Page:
I took the above photo while hiking on the most breathtakingly gorgeous beach I’ve ever seen, Playa Llorona in Corcovado National Park, Costa Rica.
This seemingly lonely Coke bottle was actually found just meters from a giant trash heap on the beach that contained a myriad of man-made items, chiefly plastics. If you’d like to see the photos I took of this scene click here and click through to the right. Although our guides weren’t entirely certain of the origin of all the trash, they were nearly positive it was not a dump, as the national park is miles away from any residential areas. What was apparently going on was ocean currents occurring a certain way that a lot of the crap that gets put into the ocean, in Costa Rica or elsewhere, ended up here. I even hypothesized that some of the trash may have migrated there from the great Pacific Garbage Patch.
Needless to say, I found the scene disturbing. I continued the rest of my hike with a lump in my throat and a feeling of dark hopelessness creeping up my spine. Here I was what felt like a lightyear from civilization, taking a 10 hour hike…*ahem* I’ll say that again, a TEN HOUR hike out into the wilderness to see a corner of the earth not yet subject to human “progress”. What do I find? Trash. And it wasn’t just in the heap. I saw discarded containers every so often as we walked. I saw small fragments of plastic among oystercatcher (a bird similar to a sandpiper) eggs. I saw man-made debris just feet from a sea turtle nest. To say I was shocked would be dishonest because I have long known how far the problem of human wastefulness has stretched. However to be physically confronted with it was something I was just not emotionally prepared for.
So this is my beef with humanity. Waste. Not just any waste, but casual, pervasive, even encouraged waste. In our industrial era we have “progressed” so far yet taken care of so few of the problems that come with growth. Our culture of consumerism constantly encourages new purchases, while offering limited to no constructive options for what to do with the old “stuff”. To use the words of the director at the lodge I volunteered at, “I buy something, I enjoy the contents of this package, this thing I have purchased. But when I am done with the packaging or the item it becomes society’s problem, not mine”. Here is the underlying problem. Every thing that is produced, every thing that is purchased has externalities. These go all the way from enabling childhood labor to fossil fuel depletion (in the case of plastics for example) to the creation of trash when the item is no longer needed. Currently, these externalities are factored into neither the cost nor the decision to buy such a product, for most people at least. Because there is no personal ill effect of this waste, people go on purchasing until their heart’s content (hint: which is never) and there are oceanic garbage islands the size of large states.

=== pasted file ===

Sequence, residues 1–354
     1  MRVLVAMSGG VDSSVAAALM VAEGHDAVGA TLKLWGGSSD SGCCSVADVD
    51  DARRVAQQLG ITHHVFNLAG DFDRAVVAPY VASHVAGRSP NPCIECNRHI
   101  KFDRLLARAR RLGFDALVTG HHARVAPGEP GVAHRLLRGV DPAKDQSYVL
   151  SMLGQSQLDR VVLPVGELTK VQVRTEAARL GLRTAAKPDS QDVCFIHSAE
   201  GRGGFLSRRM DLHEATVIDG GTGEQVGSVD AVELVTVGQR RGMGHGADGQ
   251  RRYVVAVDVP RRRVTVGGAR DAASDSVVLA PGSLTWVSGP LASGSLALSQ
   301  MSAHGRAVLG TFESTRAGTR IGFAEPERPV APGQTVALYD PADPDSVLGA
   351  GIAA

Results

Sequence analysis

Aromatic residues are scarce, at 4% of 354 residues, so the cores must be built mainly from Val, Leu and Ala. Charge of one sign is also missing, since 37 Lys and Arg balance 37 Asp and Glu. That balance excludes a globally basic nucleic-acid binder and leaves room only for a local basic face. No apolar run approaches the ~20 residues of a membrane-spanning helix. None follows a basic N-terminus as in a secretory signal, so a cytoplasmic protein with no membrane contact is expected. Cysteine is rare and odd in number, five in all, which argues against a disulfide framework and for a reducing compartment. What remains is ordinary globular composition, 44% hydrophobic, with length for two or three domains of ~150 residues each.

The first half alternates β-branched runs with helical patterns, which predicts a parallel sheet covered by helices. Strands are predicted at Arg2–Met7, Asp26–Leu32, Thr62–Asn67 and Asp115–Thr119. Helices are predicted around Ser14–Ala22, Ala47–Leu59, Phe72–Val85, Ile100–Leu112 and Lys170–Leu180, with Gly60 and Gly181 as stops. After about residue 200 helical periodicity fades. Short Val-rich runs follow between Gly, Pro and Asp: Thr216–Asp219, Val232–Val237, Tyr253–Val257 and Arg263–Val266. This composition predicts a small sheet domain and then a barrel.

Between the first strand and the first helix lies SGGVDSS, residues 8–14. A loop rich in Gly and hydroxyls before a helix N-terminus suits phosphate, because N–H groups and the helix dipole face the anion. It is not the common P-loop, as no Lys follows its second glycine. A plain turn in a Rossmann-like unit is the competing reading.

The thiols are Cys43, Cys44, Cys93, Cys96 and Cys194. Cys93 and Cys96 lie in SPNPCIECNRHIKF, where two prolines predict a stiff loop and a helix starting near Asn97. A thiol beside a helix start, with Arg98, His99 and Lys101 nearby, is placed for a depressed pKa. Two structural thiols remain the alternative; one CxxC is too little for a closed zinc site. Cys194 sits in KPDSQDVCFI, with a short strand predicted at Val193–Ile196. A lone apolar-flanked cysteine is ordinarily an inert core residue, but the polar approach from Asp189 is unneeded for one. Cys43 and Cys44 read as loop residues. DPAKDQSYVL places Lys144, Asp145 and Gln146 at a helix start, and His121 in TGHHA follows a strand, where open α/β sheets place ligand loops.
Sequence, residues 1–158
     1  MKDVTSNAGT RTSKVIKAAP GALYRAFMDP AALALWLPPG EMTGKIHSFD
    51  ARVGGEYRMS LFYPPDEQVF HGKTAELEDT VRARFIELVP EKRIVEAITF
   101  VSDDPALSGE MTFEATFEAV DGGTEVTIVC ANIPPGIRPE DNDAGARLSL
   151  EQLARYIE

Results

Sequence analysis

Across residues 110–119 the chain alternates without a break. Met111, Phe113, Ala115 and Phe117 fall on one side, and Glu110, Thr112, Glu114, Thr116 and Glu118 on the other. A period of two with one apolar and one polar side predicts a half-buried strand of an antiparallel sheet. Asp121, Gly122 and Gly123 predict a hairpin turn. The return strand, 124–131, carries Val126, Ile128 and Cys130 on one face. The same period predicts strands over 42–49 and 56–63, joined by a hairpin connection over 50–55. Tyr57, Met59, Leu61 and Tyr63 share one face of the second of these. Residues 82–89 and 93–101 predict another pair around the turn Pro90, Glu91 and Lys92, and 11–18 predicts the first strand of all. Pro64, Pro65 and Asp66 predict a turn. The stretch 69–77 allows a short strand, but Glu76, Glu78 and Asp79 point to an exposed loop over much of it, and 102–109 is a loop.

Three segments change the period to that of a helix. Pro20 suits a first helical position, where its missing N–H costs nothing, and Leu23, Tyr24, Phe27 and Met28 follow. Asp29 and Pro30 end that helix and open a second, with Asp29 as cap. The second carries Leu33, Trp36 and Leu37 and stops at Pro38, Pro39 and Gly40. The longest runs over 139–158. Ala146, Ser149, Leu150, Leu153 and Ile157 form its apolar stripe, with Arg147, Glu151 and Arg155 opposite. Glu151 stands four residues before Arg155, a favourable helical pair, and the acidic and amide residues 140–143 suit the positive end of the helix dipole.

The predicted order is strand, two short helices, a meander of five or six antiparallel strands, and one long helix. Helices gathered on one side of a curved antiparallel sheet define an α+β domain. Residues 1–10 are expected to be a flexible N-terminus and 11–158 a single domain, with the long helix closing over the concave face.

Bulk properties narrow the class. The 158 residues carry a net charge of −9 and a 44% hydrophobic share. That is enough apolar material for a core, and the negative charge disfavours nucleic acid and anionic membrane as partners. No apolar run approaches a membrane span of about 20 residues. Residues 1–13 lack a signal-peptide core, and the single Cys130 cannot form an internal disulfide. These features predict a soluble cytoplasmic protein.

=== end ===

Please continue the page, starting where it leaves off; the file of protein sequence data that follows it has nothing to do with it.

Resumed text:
Now I’m no idiot. I do not expect people to see images of trash heaps and lonely Coke bottles on beaches and suddenly develop a bleeding heart like mine and vow to overhaul their lifestyle. Not only is this a lot to ask of an animal, considering we are more or less programmed to think in terms of our own personal success, not that of our surrounding environment, but it’s also just not a practical means of changing an entire culture. The problem is not necessarily that people suck and I hate them (this is still up for debate), it’s that the evolution of our culture has completely ran away with the idea that material wealth equals success and happiness.
On a separate outing during my volunteer time in Costa Rica, I visited a coworker’s home. He was, by American standards, quite poor. His house consisted of two small bedrooms and an open-air front room and his shower was a bucket of water with a bowl to dip inside and pour over your head. He is also one of the most genuinely pleasant and seemingly happy people I have ever met. I say seemingly happy because I believe it would be inappropriate for me to decide whether someone is truly happy or not, but this guy sure acted like it. To avoid sounding cliché, I’ll assume you get the picture here. No, most people who live in abject poverty are probably not happy. But I tend to believe that once a certain standard of living is attained, more wealth and more stuff isn’t really going to do that much for your actual well-being.
The bottom line here is something big needs to change in the next few decades about how we as human beings view happiness and our place in the world. Before it’s too late. To me, finding a plastic graveyard on Playa Llorona convinced me for some time it’s already too late. In the interest of preserving my own will to live however I reserve a bit of hope that we may still have a chance to turn this around. I’m starting with my own life because really that’s all I can do right now. How will you be a drop in the bucket for positive cultural change?